Dr Stephen S. Lim, Professor of Global Health at the Institute for Health Metrics and Evaluation (IHME) at the University of Washington, and lead author of study, said: “We have concrete examples of countries making important progress on a range of health-related SDG indicators. We now need to look to those countries that have seen strong progress to find out what they are doing right and how it can be applied more broadly.”

Christopher J.L. Murray, Director of the Institute for Health Metrics and Evaluation (IHME) at the University of Washington, who co-ordinated the study, said:  “We know that international targets can motivate countries and motivate donors. The international Global Burden of Disease collaboration is committed to providing an independent assessment of progress toward the Sustainable Development Goals.”

Notes to editors:

Nations with the top 10 and bottom 10 SDG Index scores:

Top 10

1.     Iceland (85)

2.     Singapore (85)

3.     Sweden (85)

4.     Andorra (83)

5.     United Kingdom (82)

6.     Finland (82)

7.     Spain (82)

8.     Netherlands (82)

9.     Canada (81)

10.   Australia (81)


Bottom 10 (lowest score first)

1.     Central African Republic (20)

2.     Somalia (22)

3.     South Sudan (22)

4.     Niger (23)

5.     Chad (24)

6.     Democratic Republic of the Congo (24)

7.     Burundi (26)

8.     Mali (26)

9.     Afghanistan (26)

10.  Sierra Leone (27)



  • Measuring the health-related Sustainable Development Goals in 188 countries: a baseline analysis from the Global Burden of Disease Study 2015 is published in The Lancet. To read, visit:
  • The proportion of countries that have accomplished individual targets varies greatly. For example, more than 60 percent of the 188 countries studied shows maternal mortality rates below 70 deaths per 100,000 live births, effectively hitting the SDG target. In contrast, no nation has reached the objective to end childhood obesity, or to fully eliminate infectious diseases like HIV or tuberculosis.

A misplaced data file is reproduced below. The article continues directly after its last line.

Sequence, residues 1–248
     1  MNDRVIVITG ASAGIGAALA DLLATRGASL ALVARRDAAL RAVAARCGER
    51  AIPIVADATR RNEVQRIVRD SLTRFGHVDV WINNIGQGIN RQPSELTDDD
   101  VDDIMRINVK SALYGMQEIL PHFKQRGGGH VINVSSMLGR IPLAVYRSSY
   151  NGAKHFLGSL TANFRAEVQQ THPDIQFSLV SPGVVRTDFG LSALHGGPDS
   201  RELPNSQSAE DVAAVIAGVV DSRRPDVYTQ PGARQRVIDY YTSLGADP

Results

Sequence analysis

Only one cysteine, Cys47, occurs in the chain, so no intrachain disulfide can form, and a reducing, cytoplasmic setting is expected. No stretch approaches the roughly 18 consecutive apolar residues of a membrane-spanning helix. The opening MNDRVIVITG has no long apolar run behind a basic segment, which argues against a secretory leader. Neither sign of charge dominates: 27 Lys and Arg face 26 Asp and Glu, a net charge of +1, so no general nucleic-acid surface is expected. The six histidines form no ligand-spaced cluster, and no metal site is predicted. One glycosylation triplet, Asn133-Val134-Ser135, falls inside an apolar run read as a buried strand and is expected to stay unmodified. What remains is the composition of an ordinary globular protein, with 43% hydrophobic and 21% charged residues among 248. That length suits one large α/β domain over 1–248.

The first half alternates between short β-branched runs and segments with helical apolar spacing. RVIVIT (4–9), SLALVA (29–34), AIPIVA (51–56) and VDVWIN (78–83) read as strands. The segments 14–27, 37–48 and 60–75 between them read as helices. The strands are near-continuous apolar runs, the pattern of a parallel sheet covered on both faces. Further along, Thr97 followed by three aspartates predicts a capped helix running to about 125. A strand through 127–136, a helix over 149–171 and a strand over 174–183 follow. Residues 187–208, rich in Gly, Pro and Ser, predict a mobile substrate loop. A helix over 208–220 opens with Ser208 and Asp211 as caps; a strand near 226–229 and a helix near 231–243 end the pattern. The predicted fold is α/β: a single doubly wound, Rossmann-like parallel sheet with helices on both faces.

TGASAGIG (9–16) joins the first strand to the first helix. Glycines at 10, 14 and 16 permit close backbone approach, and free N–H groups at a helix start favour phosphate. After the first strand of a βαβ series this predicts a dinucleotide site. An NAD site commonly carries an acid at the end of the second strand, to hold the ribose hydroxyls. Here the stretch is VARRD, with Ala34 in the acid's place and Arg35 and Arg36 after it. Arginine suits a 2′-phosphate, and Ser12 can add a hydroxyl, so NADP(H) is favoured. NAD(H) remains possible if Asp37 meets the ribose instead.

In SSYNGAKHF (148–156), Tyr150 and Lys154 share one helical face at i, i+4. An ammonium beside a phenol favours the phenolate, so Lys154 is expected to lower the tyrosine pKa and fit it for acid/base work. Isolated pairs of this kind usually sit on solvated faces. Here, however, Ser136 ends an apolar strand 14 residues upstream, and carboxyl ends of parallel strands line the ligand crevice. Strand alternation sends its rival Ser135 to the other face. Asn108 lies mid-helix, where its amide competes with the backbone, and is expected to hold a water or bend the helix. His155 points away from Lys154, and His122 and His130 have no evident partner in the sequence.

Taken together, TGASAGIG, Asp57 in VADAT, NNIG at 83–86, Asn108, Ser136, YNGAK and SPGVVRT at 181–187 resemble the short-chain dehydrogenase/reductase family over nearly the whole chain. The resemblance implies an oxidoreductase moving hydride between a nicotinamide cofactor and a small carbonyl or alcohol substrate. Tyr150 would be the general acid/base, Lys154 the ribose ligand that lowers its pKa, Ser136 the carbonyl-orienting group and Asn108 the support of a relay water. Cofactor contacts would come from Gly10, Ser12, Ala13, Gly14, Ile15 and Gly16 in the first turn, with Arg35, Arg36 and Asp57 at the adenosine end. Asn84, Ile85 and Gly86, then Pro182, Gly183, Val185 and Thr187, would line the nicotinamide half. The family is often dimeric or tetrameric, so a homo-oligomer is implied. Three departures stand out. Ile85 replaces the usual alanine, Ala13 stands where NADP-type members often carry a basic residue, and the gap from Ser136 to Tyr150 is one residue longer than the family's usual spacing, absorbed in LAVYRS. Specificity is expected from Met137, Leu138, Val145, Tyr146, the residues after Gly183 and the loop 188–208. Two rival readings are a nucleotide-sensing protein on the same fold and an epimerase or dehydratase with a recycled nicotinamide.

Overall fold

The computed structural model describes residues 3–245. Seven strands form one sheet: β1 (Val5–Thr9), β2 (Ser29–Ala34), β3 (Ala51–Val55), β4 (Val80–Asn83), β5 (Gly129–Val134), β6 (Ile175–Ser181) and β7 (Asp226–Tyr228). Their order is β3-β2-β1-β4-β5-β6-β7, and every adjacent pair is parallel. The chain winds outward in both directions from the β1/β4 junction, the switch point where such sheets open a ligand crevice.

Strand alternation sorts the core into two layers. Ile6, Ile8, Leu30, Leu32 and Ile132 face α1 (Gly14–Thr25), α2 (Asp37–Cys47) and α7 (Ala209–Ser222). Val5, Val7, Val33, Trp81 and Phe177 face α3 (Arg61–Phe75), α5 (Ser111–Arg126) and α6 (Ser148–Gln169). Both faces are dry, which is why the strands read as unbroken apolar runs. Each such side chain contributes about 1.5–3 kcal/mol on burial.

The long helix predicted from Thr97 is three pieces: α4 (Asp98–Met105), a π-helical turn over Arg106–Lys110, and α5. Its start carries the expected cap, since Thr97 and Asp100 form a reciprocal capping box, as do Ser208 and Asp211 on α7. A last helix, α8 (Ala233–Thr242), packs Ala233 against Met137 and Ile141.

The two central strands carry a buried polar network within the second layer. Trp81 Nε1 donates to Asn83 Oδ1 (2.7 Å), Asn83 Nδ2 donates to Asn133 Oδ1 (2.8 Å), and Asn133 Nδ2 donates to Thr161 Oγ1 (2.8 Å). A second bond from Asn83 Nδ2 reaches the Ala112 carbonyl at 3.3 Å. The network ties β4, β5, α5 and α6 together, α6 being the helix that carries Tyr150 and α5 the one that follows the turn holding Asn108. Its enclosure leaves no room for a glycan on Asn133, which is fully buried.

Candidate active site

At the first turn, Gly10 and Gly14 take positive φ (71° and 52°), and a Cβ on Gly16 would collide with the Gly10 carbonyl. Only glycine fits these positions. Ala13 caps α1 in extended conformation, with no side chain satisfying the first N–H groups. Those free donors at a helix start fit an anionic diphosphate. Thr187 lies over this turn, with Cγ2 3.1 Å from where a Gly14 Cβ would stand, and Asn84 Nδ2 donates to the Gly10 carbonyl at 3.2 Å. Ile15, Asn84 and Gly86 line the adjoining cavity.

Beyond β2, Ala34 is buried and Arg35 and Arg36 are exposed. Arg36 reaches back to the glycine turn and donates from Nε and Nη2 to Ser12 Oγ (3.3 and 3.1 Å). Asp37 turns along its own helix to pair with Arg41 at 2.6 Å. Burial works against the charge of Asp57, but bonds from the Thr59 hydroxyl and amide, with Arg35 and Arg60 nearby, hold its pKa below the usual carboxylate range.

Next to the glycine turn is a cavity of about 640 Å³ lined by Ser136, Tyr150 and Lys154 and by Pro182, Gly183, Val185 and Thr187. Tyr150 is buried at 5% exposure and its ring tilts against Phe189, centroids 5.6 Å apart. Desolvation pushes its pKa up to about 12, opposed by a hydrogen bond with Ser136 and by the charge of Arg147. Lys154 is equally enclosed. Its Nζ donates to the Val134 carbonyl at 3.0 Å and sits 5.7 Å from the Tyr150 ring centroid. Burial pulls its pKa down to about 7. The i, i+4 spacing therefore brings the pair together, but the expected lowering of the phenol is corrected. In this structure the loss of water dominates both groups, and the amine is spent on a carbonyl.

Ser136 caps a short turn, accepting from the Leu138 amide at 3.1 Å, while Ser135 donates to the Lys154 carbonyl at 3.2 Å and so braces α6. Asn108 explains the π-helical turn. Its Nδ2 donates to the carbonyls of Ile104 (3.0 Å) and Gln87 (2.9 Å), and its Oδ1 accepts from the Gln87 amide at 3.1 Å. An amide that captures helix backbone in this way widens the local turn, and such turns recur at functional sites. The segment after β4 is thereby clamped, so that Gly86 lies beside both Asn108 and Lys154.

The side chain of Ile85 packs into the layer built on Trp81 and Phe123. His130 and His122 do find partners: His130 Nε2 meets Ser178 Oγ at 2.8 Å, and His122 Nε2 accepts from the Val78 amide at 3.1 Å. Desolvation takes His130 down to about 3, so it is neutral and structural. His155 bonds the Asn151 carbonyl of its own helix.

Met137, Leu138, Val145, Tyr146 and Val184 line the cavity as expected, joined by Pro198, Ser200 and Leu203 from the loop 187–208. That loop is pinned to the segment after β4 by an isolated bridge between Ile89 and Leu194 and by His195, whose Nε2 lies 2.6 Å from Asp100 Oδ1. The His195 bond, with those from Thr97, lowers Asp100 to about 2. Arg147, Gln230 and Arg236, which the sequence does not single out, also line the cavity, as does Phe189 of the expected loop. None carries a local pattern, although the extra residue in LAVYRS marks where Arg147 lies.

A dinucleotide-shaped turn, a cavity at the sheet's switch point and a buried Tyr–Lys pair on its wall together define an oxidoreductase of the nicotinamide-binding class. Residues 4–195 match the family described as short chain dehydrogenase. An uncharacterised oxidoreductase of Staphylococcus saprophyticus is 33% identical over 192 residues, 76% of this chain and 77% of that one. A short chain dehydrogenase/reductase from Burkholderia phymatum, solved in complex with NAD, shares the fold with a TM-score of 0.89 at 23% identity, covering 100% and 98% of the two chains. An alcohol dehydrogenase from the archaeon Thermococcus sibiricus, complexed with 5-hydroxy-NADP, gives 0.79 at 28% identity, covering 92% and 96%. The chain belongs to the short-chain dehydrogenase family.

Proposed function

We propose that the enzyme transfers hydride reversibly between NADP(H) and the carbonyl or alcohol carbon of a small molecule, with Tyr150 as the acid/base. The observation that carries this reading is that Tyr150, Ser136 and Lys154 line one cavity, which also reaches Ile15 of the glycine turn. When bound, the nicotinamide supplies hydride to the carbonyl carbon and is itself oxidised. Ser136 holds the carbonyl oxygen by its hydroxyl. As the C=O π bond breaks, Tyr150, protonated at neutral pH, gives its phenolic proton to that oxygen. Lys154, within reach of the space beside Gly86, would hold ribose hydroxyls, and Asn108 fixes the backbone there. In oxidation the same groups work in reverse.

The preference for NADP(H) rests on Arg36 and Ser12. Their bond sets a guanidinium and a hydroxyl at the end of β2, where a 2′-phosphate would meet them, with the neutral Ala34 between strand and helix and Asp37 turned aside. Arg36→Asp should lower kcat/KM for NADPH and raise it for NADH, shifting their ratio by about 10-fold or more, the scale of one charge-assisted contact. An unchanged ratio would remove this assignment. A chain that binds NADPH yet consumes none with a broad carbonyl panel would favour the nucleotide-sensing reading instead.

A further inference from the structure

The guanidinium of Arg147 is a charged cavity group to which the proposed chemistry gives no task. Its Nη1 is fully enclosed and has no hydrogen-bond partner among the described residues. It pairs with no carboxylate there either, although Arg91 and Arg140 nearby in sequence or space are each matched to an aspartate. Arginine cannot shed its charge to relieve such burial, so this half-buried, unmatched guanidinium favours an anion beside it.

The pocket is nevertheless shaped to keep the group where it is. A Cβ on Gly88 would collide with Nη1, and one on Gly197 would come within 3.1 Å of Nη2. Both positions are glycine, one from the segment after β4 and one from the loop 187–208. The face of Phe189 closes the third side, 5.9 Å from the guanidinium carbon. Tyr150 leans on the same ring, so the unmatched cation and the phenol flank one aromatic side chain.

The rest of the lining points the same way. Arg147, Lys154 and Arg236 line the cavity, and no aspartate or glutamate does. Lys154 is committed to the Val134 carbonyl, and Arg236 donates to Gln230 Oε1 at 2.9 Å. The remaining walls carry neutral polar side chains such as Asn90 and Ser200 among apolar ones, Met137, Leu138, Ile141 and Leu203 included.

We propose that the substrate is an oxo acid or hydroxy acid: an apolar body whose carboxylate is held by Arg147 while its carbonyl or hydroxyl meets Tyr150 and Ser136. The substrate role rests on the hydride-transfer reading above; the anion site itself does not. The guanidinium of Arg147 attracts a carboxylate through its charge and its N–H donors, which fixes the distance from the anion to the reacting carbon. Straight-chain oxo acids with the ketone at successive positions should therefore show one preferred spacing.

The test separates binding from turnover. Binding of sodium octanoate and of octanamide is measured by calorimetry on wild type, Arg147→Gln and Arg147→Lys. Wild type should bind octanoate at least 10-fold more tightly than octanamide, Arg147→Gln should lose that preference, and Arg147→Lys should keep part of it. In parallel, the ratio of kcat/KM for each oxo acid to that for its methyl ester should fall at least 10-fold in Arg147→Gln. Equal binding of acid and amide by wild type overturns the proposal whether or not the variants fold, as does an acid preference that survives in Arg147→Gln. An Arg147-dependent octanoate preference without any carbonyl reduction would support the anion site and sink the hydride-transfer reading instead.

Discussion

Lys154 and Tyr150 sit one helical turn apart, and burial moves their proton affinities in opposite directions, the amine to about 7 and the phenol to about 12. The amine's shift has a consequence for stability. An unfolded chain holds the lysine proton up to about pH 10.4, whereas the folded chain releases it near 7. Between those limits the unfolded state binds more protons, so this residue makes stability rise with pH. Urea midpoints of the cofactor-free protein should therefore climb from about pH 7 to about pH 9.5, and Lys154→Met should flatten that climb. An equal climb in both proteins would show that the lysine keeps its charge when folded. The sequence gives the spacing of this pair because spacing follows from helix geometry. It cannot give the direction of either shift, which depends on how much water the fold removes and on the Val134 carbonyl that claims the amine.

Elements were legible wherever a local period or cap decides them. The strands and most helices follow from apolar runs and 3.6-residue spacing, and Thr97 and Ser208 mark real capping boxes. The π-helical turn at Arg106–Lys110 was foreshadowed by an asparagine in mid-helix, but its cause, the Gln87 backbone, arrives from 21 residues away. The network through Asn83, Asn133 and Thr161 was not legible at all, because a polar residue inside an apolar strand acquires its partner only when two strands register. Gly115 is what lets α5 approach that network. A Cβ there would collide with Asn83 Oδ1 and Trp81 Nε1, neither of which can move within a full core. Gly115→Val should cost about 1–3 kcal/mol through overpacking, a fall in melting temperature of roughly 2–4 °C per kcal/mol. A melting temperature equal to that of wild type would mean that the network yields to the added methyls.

• The GBD is the largest and most comprehensive epidemiological effort to quantify health loss across places and over time. The GBD enterprise – now consisting of more than 1,800 researchers and policymakers in nearly 130 nations and territories – is coordinated by the Institute for Health Metrics and Evaluation (IHME) at the University of Washington.
  • Established in 2007, the Institute for Health Metrics and Evaluation (IHME) is an independent global health research center at the University of Washington in Seattle that provides rigorous and comparable measurement of the world’s most important health problems and evaluates strategies to address them. IHME makes this information available so that policymakers, donors, practitioners, researchers, and local and global decision-makers have the evidence they need to make informed decisions about how to allocate resources to best improve population health. For more information, visit
  • IHME created the “health-related SDG index” by combining results for 33 health-related SDG indicators and giving a single value, on a scale of zero to 100, for each country. The index allows measurement of how much a country has improved overall from 2000 to 2015. Each indicator is individually scored as well, and a composite (a geometric mean) of these 33 scores translates into the health-related SDG index score. The change in this score from year to year shows whether a country is progressing toward the target. Countries showing tremendous improvements should be looked to as examples of change and progress.